Brain Protein May Cause High Depression Rates in Perimenopause
the Psychiatry Advisor take:
Elevated levels of a specific brain protein may explain why so many women experience depression during perimenopause, according to a new study. High levels of a chemical called monoamine oxidase A, or MAO-A, may be to blame, the paper concludes.
The protein is known to break down other brain chemicals such as serotonin, norepinephrine and dopamine which help to maintain normal mood.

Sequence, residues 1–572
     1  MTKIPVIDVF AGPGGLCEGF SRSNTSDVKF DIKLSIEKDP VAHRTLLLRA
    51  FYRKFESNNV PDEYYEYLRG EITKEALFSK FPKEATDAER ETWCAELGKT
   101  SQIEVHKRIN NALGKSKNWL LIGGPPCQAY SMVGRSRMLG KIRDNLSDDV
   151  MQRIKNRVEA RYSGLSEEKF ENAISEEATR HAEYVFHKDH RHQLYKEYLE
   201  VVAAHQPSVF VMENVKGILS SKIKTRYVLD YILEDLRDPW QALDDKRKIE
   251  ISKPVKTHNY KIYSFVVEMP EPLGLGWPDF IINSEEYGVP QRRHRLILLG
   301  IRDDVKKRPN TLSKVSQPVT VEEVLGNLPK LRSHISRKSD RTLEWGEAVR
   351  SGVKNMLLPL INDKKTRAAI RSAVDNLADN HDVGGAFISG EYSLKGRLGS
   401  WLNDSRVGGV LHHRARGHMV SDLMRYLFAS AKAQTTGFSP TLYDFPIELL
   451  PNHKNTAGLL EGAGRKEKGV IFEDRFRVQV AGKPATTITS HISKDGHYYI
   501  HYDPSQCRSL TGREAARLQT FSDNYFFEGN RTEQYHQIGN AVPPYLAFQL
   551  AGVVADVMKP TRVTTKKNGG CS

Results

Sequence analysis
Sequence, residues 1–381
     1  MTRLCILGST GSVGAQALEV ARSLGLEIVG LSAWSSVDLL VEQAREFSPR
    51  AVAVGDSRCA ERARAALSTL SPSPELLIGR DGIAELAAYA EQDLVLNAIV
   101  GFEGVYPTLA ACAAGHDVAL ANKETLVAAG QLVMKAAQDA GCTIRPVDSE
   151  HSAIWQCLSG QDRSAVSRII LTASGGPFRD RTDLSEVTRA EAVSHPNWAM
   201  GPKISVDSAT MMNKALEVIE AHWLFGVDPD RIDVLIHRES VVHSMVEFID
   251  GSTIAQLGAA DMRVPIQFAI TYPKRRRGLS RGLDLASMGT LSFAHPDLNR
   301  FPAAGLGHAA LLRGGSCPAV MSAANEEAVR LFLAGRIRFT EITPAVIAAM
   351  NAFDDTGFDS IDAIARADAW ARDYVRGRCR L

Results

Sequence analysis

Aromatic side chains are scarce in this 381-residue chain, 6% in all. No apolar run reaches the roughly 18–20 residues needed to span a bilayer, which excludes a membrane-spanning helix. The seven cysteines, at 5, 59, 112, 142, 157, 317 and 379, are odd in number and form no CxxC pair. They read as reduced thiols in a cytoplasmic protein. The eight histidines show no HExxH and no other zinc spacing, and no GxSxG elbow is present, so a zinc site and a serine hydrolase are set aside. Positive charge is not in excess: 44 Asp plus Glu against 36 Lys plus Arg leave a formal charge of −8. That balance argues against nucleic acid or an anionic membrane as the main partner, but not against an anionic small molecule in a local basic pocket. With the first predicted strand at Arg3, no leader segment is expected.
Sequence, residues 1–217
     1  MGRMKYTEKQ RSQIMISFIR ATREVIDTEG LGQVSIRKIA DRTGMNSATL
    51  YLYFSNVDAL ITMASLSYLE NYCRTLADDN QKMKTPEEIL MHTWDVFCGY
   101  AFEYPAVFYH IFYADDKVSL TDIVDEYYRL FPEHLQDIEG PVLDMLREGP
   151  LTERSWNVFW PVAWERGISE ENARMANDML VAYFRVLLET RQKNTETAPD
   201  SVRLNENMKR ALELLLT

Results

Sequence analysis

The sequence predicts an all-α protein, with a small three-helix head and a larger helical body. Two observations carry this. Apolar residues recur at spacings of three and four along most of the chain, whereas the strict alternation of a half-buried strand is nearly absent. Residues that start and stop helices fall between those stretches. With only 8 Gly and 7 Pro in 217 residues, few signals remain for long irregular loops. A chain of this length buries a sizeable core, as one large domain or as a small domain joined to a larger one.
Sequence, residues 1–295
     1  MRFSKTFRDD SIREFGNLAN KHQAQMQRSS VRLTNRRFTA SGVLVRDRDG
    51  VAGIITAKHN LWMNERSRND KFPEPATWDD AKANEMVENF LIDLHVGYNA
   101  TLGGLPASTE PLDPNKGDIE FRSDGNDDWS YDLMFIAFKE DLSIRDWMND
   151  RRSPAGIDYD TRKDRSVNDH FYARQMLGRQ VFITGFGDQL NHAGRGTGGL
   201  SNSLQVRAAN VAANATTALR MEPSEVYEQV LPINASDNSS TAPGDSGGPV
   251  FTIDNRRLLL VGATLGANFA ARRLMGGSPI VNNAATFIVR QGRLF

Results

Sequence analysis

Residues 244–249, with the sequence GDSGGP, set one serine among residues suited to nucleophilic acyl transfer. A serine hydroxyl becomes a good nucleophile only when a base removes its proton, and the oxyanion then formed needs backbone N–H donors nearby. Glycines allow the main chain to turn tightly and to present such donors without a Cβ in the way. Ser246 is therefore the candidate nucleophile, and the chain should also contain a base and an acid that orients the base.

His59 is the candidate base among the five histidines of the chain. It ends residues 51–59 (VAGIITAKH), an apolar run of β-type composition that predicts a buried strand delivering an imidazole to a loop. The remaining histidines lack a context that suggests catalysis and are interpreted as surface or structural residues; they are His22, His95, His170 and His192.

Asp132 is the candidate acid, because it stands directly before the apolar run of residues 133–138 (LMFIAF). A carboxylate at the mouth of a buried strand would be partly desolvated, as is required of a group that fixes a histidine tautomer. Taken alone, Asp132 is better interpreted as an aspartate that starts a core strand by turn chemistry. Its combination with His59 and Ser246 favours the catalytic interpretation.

Rates of depression in women in perimenopause are unusually high. Previous studies have suggested that first-time depressions in women in this period of life reach 16 to 17% and a similar percentage of women develop milder depressive symptoms.
Brain protein may be cause of high rates of depression in perimenopause
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